Commitment to collaboration guides my work.
One of the things I often type into my biographical statements is: Commitment to collaboration guides her work.
But what does collaboration mean? How do we know collaboration when we see it? Is there a good way to measure it? If this sounds familiar to you, I have recently answered these questions on another forum.
I spent a lot of time thinking about collaboration in the context of a now-wrapped-up evaluation of intimate partner violence (IPV) prevention efforts supported by the Centers for Disease Control's DELTA FOCUS (Domestic Violence Prevention Enhancements and Leadership Through Alliances, Focusing on Outcomes for Communities United with States) project. DELTA FOCUS was a five-year primary prevention initiative that funded ten state domestic violence coalitions to implement and evaluate IPV prevention strategies at the community or societal levels of the social-ecological model (AKA “outer layers of the SEM”).
Along with Wendi Siebold at Strategic Prevention Solutions, I was part of the the Empowerment Evaluation team contracted by the Florida Coalition Against Domestic Violence to document, showcase, and improve their prevention efforts.
One of the initial tasks was to identify and/or develop primary prevention strategies that focused on risk and/or protective factors at the "outer layers" of the SEM. The CDC's DELTA FOCUS Team was instrumental in providing specific language to support thinking about the strategies that are available to prevent violence in our communities, in this lifetime. One such strategy is coalition building, defined below:
To evaluate the success of coalition-building as a prevention strategy, we needed to measure increases in the ability of organizations to work collaboratively, i.e., we needed to observe changes in collaboration.
Which required an understanding of what collaboration is: what does collaboration mean?
One understanding comes from Chris Huxham, who has noted that collaboration is just one of a variety of different ways that organizations (or individuals) can work together. Her typology of these different levels of functioning are additive, with collaboration being the highest level.
I've illustrated Huxham's (1996) concepts below (and also here).
Huxham notes the the key difference between collaboration and cooperation is that groups that achieve collaborative functioning do so by improving each others' capacity. And, as I've previously illustrated, capacity building is an approach I use to get closer to my goal of better intervention.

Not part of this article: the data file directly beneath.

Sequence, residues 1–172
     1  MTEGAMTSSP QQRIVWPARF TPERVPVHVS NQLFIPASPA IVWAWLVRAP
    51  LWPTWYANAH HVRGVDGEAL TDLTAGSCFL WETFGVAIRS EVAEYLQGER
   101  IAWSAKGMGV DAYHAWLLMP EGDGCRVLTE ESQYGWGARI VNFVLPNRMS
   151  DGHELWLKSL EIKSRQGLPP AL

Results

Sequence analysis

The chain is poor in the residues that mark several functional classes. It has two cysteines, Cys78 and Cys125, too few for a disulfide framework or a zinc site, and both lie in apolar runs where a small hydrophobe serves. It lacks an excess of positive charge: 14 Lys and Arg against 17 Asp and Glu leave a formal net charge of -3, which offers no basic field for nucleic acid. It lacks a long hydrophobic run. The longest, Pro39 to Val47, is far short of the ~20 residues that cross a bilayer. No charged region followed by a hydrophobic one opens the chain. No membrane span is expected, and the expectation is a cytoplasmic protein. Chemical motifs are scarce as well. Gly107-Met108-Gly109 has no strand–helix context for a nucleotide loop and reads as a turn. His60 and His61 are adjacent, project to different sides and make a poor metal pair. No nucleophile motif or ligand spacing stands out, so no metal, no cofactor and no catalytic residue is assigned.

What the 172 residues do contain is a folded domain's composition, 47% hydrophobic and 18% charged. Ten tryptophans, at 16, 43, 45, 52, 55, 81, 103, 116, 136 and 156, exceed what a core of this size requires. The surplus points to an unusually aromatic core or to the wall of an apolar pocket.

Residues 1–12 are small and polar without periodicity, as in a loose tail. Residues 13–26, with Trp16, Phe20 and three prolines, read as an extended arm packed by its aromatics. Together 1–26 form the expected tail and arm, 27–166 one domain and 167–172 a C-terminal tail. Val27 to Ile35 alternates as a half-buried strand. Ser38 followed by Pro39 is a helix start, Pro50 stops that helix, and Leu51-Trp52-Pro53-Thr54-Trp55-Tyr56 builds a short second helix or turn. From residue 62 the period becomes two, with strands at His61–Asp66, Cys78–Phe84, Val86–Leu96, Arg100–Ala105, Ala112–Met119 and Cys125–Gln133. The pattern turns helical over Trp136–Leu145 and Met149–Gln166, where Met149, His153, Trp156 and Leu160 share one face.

Another place you can read about different levels of working relationships is at the Community Toolbox, a resource for all kinds of community-based efforts.
So, how do we know collaboration when we see it? Drs. Roz D. Lasker and Elisa Weiss -- while at the Center for the Advancement of Collaborative Strategies in Health at New York Academy of Medicine -- developed a practical framework that specified SYNERGY as the observable output of collaboration. The series of papers that outlined the theory and supplied evidence to back it up were fascinating, and affirming, to me.
These researchers state that when collaborative advantage is in play -- when organizations are functioning in ways that improve each other's capacity -- a measurable output of that partnership will be SYNERGY:
Though synergy may be, by now, dangerously close to making a list of irritating jargon phrases, its specific meaning as an indicator of collaboration has been very useful in my work.
I especially like that SYNERGY can be measured with the Partnership Self Assessment Tool, which includes nine Likert-type questions that collectively assess the degree of synergy within a group. Since I found the tool several years ago, I have used in multiple projects. The PSAT also includes measures of other things that are related to synergy (e.g., leadership, satisfaction with partnership), too!
Please reach out to me to hear how I've applied these ideas in my program evaluation and consultation work. I'm happy to tell you lots more.